1.2. National Performance Measure for Roadways:
As noted in the draft strategic plan, Moving Ahead for Progress in the 21st Century (MAP-21) requires States to develop and implement asset management plans and performance plans specifically for roadways and bridge infrastructure. ACPA believes that States can address these provisions for pavements by using a concept called Remaining Service Life (RSL). RSL is the anticipated time until the next required rehabilitation of a pavement section. It is useful as a Performance Measure because it augments pavement condition data by also considering pavement deterioration information. RSL is useful as part of an Asset Management Plan as well, because it can help ensure that investments are made to improve the life and usability of the highway system. Finally, RSL is also effective in the Planning Process as it allows agencies to predict, with reasonable accuracy, the long-term costs of future maintenance and rehabilitation activities.
Currently, IRI is being debated as the National Performance Measure. However, there are some significant concerns with using it as such. First, IRI only measures the functional condition (ride) of the pavement. To have a clear understanding of how well a pavement is serving the public, both functional and structural conditions of the pavement need to be taken into account. Second, IRI (as well as structural conditional data such as cracking, rutting, and faulting) only provide a measure of the current condition of the pavement network. They do not provide information on what future conditions will likely be.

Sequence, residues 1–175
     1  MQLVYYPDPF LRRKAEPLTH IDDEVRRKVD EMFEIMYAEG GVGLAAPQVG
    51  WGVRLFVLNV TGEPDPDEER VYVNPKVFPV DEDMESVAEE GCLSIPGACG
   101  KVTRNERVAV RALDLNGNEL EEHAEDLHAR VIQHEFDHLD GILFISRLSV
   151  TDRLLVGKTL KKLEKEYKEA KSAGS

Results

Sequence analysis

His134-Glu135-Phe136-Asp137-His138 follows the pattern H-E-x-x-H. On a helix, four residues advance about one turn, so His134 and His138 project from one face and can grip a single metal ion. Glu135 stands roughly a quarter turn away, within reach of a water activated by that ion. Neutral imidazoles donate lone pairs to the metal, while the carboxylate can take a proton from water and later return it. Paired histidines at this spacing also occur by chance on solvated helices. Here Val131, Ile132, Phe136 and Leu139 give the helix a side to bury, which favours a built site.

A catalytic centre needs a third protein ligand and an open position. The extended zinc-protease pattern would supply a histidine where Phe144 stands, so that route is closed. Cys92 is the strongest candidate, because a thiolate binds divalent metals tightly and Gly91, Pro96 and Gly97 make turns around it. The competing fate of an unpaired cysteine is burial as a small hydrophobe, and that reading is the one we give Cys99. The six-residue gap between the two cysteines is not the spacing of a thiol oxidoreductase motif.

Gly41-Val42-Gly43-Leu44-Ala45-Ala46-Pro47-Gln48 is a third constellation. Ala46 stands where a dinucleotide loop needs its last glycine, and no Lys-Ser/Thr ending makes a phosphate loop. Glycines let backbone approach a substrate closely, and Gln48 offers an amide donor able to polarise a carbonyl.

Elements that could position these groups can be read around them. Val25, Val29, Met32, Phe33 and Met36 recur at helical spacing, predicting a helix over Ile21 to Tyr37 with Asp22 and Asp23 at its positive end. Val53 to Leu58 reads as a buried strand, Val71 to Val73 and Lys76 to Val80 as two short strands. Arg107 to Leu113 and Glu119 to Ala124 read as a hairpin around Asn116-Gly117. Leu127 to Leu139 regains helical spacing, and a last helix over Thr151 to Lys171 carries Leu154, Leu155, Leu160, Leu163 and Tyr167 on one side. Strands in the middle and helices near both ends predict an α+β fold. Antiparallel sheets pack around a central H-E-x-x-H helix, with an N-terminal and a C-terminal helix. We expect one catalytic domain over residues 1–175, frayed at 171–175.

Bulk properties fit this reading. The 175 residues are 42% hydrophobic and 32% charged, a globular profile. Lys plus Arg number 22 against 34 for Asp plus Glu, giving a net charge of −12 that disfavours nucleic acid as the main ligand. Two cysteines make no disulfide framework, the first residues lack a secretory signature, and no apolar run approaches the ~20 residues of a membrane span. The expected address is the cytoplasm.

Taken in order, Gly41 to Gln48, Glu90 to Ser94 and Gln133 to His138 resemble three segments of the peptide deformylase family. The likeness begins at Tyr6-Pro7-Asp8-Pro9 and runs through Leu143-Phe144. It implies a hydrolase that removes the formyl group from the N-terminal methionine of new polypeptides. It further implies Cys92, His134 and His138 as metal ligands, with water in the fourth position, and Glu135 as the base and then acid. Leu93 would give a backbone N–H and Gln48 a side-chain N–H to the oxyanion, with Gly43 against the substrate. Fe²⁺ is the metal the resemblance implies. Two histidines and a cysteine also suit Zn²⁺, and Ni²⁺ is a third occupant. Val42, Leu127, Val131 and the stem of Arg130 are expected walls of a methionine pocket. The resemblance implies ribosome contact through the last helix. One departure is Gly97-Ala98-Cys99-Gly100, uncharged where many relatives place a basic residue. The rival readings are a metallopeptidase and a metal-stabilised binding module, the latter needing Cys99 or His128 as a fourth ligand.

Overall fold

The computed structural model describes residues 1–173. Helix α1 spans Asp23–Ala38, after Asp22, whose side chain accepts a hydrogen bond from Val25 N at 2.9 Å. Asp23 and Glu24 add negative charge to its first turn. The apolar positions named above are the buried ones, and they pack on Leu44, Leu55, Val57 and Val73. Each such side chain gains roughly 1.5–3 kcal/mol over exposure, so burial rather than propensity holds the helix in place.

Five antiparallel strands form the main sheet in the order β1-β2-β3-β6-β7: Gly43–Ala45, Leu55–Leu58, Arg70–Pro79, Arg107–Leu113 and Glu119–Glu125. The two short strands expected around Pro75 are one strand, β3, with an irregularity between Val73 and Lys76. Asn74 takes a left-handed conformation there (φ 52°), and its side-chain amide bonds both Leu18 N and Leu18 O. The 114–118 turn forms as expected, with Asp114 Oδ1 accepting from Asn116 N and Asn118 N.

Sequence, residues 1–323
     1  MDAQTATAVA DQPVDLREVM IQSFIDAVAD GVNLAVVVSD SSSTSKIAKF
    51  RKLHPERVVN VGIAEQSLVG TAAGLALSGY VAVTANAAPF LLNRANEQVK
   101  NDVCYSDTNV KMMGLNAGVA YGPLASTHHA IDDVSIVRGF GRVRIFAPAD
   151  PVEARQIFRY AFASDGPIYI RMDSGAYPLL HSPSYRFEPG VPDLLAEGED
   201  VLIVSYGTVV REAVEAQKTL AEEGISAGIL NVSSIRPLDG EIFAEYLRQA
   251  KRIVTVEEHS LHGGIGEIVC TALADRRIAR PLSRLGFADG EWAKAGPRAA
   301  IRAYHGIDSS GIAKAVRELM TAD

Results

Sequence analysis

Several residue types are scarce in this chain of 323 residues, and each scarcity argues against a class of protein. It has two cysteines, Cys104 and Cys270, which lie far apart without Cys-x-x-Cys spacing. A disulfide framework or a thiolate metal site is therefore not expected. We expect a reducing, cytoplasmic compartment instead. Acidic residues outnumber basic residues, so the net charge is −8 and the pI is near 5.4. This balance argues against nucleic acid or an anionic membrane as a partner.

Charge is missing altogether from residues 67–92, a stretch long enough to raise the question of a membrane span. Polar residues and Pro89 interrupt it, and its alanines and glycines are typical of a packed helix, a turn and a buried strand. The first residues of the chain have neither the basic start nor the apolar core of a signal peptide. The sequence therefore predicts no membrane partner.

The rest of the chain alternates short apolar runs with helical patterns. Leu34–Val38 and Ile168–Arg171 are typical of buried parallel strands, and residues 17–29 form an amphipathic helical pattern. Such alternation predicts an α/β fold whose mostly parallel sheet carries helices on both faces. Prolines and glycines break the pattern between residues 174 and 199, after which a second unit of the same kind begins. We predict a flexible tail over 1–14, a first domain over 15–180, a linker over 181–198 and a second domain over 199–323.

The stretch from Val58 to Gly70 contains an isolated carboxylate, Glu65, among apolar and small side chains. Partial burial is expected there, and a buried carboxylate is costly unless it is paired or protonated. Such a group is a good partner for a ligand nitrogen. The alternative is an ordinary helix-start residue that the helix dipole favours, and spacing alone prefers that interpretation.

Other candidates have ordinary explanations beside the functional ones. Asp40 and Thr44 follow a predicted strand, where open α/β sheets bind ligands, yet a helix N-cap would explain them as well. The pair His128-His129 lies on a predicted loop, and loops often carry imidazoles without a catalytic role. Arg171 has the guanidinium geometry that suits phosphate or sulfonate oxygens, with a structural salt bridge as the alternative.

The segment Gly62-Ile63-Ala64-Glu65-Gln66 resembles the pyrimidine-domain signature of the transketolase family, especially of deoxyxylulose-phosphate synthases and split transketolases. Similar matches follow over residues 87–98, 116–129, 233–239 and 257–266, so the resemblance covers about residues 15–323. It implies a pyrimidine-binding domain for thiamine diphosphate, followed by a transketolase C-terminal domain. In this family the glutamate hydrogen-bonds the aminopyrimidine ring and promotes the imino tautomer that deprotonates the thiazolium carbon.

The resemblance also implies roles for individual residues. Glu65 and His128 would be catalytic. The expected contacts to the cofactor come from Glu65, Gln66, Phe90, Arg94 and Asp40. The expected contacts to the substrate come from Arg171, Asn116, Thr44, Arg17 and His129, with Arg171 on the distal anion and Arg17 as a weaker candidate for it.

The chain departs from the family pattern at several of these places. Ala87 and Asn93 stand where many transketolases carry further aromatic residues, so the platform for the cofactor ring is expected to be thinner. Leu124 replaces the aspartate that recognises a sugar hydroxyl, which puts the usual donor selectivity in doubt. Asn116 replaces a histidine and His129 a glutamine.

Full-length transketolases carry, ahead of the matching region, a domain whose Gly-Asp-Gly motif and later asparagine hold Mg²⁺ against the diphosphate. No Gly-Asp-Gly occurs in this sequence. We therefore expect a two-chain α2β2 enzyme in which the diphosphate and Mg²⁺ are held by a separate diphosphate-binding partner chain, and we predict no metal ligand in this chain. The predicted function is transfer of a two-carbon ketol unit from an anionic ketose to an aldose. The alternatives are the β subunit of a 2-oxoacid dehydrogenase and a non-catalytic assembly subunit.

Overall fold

RSL is a better National Measure of the current condition of pavement networks because it adds a “time” element to how well a pavement network is serving the public (a pavement with a higher RSL is serving the public longer and is therefore serving the public better). RSL is also the basis for “risk-based” and “performance-based” programs because it provides insight into how the pavement network will perform for the next 10 to 20 years, as well as what is required from pavement investment strategies to maintain the system. Additional advantages of RSL include:
• It is a multi-conditional measure and can be developed from any type of functional and / or structural data.
• It is flexible and allows State DOT’s to use their current Pavement Management Data and to develop individual condition targets to meet the National Goals.
• It can forecast future pavement performance with sufficient accuracy to plan future maintenance and rehabilitation needs.
• It can be used to compare different scenarios to determine what are the best investment strategies to ensure sustained performance over any time horizon.
• It can be used to show the impact of different funding levels and helps determine the best long-term funding strategy to ensure sustained performance.